There is no cure for periodontitis. The only treatment available for periodontitis is for gingivitis when the condition is in its early stages when it can be reversed before advancing into moderate or advanced periodontitis. After it advances as a periodontal disease it can only be controlled by the dentist by using methods of scaling and root planing.
SYMPTOMS AND SIGNS OF PERIODONTITIS
Some major symptoms and signs of periodontitis are usually easy to distinguish.
- Receding gums – One of the most distinguishing characteristics of periodontitis are receding gums and deep pockets between your gums and teeth.
- Swollen and/or red or purple-tinted gums – Swollen and discolored gums usually mean that something is amiss. Another telling sign could be tender and easily bleeding gums especially coupled with the earlier characteristics.
- Bad Breath – Everyone has bad breath every once in a while, but if you have a lingering issue with bad breath even after brushing the possibility of periodontitis is certainly there.
- Other Signs – Other signs include painful chewing, new gaps in your teeth forming, loose teeth, and a change in the way you bite.
How Can It Be Prevented?
Maintaining proper oral hygiene early on to prevent gingivitis is the best way to stop periodontitis from developing. Gingivitis can be reversed and even stopped in most cases when people begin practicing proper control over the plaque. A dentist can only detect signs of gingivitis if the patient visits the dentist regularly for exams.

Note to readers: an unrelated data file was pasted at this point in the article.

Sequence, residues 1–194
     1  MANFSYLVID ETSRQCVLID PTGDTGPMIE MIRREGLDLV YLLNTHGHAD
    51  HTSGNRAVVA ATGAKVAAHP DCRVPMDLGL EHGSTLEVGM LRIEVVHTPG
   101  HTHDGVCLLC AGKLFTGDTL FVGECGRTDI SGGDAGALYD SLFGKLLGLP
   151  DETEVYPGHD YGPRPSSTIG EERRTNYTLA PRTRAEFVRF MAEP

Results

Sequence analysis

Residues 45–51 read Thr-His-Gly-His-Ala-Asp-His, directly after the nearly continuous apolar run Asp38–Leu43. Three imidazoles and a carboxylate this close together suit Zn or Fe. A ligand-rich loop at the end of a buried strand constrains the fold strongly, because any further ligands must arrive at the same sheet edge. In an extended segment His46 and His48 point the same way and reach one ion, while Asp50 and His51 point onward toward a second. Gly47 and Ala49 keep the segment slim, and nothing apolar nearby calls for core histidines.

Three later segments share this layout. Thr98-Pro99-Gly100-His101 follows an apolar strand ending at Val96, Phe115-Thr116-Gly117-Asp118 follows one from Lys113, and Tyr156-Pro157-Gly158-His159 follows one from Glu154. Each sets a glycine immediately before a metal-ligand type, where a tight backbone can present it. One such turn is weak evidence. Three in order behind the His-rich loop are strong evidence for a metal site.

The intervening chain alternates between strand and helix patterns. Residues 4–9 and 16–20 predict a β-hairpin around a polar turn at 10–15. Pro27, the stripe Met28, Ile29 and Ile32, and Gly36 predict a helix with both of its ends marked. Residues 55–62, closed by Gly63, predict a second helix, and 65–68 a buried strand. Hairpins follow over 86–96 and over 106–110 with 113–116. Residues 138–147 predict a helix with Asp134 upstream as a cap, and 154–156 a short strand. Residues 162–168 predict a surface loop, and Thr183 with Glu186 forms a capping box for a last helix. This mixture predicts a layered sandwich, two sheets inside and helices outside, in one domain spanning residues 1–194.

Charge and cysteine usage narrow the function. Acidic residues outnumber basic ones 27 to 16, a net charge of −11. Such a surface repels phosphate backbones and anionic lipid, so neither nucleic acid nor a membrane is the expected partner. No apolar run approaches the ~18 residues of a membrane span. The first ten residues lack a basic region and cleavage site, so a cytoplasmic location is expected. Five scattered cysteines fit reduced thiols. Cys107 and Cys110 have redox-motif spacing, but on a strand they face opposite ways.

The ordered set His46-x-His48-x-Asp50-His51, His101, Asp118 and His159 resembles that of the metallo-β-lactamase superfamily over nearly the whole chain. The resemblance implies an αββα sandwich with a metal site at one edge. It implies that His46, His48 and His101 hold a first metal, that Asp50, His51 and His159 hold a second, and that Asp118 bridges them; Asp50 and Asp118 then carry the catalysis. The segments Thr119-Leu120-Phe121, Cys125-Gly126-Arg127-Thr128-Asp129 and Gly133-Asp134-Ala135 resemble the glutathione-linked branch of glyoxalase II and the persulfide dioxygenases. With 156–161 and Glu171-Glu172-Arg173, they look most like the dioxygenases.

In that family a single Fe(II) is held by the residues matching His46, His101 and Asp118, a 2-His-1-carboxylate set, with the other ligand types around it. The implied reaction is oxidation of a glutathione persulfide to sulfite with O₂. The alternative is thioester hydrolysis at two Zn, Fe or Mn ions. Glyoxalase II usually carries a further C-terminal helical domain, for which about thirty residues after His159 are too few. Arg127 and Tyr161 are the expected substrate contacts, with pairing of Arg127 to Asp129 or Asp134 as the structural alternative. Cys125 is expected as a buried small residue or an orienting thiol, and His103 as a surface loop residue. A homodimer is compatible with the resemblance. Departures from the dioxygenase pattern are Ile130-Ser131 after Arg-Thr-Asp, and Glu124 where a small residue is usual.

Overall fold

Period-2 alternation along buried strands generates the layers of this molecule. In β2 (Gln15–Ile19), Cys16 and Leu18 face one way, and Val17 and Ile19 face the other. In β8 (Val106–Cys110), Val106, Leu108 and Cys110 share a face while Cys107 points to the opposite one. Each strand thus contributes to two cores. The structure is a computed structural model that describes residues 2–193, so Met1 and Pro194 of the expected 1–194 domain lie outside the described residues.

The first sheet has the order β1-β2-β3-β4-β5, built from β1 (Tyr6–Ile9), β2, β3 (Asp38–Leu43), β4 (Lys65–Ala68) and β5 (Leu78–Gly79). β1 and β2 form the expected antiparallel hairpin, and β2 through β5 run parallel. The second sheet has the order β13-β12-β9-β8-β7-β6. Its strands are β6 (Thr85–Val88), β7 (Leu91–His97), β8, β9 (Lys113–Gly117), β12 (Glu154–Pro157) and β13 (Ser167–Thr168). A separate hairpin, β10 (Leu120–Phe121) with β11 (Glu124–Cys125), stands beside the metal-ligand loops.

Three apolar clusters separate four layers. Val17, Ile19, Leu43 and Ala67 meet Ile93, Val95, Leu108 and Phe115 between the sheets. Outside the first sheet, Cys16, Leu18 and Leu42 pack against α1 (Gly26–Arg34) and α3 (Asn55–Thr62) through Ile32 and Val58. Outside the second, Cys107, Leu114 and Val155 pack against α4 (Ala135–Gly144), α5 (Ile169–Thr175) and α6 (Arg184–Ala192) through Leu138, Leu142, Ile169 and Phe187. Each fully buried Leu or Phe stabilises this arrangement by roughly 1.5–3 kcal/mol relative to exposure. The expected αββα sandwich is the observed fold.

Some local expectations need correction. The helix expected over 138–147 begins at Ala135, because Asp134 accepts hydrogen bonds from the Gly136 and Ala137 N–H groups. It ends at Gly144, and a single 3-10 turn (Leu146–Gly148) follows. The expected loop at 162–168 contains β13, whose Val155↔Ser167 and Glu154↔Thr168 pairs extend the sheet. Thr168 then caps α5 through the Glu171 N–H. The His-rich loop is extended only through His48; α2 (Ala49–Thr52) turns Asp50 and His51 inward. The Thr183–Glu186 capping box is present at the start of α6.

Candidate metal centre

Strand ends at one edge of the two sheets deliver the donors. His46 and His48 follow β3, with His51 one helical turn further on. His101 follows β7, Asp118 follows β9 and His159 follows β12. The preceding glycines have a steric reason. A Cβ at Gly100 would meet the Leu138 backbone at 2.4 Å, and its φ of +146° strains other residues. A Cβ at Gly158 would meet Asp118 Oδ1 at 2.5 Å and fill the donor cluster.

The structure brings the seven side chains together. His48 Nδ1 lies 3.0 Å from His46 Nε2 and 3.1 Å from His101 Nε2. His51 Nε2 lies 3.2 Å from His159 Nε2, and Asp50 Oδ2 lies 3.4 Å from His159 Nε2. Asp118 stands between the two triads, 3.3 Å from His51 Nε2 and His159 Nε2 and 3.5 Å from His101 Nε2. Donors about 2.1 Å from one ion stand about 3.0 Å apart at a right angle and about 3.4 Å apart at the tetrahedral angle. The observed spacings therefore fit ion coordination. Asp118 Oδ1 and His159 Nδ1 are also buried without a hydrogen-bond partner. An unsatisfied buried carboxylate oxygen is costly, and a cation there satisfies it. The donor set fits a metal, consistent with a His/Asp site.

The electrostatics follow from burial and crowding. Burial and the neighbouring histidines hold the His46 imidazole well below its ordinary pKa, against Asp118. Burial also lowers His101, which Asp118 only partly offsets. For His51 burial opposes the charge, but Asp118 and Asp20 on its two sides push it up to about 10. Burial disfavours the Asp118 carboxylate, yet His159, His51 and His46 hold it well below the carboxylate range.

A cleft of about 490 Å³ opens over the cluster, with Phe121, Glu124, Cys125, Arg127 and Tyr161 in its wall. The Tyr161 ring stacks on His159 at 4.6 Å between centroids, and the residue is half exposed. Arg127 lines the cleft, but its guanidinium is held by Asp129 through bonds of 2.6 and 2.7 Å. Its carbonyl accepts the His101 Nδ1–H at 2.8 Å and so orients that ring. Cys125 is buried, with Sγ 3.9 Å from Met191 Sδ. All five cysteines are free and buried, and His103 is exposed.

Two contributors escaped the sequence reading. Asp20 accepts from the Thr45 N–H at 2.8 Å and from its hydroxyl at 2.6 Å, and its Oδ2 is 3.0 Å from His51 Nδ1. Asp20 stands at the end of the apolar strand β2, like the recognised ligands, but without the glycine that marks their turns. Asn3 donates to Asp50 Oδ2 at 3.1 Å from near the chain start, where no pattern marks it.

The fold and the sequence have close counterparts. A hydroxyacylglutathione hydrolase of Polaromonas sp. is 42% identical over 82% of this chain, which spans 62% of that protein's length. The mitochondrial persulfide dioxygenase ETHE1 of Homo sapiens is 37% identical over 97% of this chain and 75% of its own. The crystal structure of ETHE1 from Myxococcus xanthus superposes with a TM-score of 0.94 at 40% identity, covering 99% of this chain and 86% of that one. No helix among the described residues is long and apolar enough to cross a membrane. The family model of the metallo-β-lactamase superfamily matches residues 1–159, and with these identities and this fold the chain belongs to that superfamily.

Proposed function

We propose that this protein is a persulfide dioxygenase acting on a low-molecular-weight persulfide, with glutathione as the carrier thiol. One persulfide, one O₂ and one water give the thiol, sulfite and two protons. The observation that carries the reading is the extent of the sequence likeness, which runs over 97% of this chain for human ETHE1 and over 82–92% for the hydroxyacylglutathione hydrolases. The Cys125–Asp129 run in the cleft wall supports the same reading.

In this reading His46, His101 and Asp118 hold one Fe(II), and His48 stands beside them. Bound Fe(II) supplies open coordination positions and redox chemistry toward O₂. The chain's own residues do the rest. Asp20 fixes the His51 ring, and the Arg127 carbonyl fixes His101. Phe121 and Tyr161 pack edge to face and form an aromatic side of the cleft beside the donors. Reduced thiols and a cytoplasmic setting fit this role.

Can home therapies help?
Although home therapies can help reduce bacteria, if you have been diagnosed with periodontal disease, home care alone cannot treat your disease because the infection has already caused damage to underlying tissues that require professional periodontal therapy.
After therapy, home care is an important part of periodontal health management. Your periodontist and dental hygienist will help you create an effective home care routine that will fit your needs. This routine may include power toothbrushes, various flossing or in-between cleaning tools, special toothpaste, and mouth rinses.
Everyone needs to brush and floss two times a day, have a balanced diet, stop smoking, and visit their dentist for checkups and exams every six months. Periodontitis can only be treated but cannot be cured. Gingivitis, on the other hand, can be prevented by maintaining proper oral hygiene practices and visiting the dentist for checkups and exams.
To best maintain your gum health, it is best to see your periodontist to discuss your own level of disease, personal risk factors, treatment options, home care routine, and maintenance schedule that will help you stabilize your disease and offer continued periodontal management.